Furthermore, because some of Zoabi’s remarks were made in Arabic, the issue of reasonable interpretation becomes even more complex: do the justices really have the ability to understand the word “muqawama” (“resistance”) in its natural context? Does the word “hissar” (“siege”) necessarily refer to a military siege, or can it be understood in a political context? Perhaps more Arabic speakers among the Supreme Court Justices would have been a big help during the hearing.
A hearing where one absurdity is followed by another, and before you know it, Jabareen pulls out the Prevention of Terror ordinance, and claims that had his client actually supported terror, she would have been convicted under that specific law. Furthermore, he stated, even the Shin Bet hasn’t set its sights on Zoabi. Who in their right mind could believe that the General Security Services would indirectly advocate for a representative of Balad?
Jabareen was followed by the attorneys representing Avigdor Liberman and Yariv Levin, the two appellants, followed by a representative of the attorney general, who opposes both appeals. Did I already mention the holy balance? And while Levin’s attorney spoke beautifully about how the conditions for a pluralistic democracy are based on a willingness to play by the rules of democracy, one could already hear the faint noise of Marzel’s supporters outside the hall.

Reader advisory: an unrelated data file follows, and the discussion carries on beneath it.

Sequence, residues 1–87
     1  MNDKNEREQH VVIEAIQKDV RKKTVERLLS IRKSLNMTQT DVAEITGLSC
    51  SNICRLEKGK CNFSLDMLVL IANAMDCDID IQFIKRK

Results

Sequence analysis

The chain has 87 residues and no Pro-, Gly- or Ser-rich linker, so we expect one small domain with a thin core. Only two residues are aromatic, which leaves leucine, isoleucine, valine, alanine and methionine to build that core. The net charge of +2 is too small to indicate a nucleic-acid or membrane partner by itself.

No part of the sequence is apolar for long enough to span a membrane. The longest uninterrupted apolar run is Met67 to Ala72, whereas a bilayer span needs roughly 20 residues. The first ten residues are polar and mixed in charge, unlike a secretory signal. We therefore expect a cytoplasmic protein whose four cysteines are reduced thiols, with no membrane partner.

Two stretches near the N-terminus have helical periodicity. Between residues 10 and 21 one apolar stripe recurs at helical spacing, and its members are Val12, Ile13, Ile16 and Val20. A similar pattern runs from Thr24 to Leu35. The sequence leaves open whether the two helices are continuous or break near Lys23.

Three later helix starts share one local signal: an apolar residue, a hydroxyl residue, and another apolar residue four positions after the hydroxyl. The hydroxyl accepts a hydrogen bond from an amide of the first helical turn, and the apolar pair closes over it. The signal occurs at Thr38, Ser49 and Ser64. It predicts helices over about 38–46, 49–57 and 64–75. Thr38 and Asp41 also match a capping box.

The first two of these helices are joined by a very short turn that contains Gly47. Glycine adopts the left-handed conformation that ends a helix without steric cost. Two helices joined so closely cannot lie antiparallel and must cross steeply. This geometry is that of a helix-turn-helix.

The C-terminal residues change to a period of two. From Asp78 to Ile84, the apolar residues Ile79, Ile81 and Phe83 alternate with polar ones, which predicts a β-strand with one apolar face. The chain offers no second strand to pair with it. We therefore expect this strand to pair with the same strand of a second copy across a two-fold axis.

Marzel himself sat inside the courtroom for the duration Zoabi’s case, alongside his friend and new-found political ally Eli Yishai. The sight of those two giggling to one another both made my stomach turn, and made me think about how much damage Yishai caused Shas in his years of leading the party, and about the path that eventually led him into the arms of Marzel and fellow Kahanist Michael Ben-Ari.
The end of Zoabi’s hearing brought about a rather interesting changing of the guard: Zoabi left the courtroom accompanied by Joint List leader Ayman Odeh, as well as Balad members Jamal Zahalka and Bassel Ghattas, followed by a group of supporters. Her place was taken by Marzel, Attorney Itamar Ben-Gvir and a group of supporters who waited outside the court. Even Benzi Gopstein, the leader of the extremist anti-miscegenation group Lehava, came to show solidarity with his comrade.